410). If African American students take on these stereotypes, than it becomes easy for them to believe that they cannot perform at a high level academically. As stated in the article, “the self is constructed in response to stereotypes and biases” (Way et al., 2013, p. 409). Stereotypes are one of the main ways in which students assess themselves and develop their racial-ethnic identities.
Across the nation, African American males are still experiencing inequality and underachievement in school. It is important for educators to think deeply about what is required of public education regarding pedagogy and experienced school personnel. The U.S. Department of Education’s report on “teacher quality” stated that, “increased classroom diversity has brought equity issues to the forefront of the educational agenda, but past studies have shown that many teachers were not trained to meet the needs of diverse student populations” (Brown II, 2015, p.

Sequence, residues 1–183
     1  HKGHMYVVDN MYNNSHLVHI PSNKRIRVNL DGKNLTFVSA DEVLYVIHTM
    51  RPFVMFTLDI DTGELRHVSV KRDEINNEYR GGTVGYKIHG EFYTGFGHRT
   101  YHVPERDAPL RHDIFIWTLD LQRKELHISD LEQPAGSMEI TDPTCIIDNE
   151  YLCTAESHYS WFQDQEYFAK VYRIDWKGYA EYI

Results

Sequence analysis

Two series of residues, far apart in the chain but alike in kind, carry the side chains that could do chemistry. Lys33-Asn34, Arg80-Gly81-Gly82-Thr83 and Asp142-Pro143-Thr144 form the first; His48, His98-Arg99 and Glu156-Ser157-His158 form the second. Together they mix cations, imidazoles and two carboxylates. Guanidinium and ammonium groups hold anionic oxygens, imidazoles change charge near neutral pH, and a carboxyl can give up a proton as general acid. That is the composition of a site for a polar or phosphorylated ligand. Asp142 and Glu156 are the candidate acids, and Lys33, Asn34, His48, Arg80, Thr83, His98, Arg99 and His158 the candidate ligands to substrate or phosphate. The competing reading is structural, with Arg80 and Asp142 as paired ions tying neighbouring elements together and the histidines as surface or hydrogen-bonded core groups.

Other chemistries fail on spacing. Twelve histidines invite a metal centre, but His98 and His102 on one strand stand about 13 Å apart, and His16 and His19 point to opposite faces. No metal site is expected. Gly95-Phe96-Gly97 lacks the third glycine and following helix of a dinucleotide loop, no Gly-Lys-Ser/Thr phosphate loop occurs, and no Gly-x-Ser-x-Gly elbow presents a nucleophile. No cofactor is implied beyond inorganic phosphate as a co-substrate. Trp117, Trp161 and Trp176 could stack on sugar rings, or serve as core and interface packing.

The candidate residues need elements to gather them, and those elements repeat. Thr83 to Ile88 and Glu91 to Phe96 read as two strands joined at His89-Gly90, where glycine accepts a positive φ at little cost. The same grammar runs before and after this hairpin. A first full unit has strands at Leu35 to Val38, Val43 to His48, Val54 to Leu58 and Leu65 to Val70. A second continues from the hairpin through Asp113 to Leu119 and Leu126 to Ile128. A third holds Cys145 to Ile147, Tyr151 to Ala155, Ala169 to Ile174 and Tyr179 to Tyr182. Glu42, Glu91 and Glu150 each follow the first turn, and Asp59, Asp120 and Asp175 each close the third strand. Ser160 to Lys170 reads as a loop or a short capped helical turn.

689). The majority of U.S. teachers are White, middle-class, and female. Many of these teachers have little knowledge about African American culture and lack cultural awareness and understanding. In Start with Us! Culturally Relevant Pedagogy in the Preschool Classroom, Durden, Escalante, and Blitch talk about two critically consciousness processes that teachers must engage in. The first one requires teachers to think about how the social identities of children in their classrooms predisposes them to injustices within society (Durden et al., 2015, p.
224). The second one requires teachers to critically reflect on their own biases towards the children in their classrooms (Durden et al., 2015, p. 224).
I believe these two reflective processes should be required of teachers but should start as early as being trained in the profession. Without these two practices, teachers are more likely to rationalize their beliefs and feelings towards their students which can ultimately affect their socio-cultural development and academic success (Durden et al., 2015, p. 224). One way this could be done is by professors facilitating activities that require future teachers to learn about the effects of discrimination and help them unpack the isms.
Below is an example of an activity that I participated in during undergrad which helped me think critically about the repercussions of stereotyping and institutional oppression.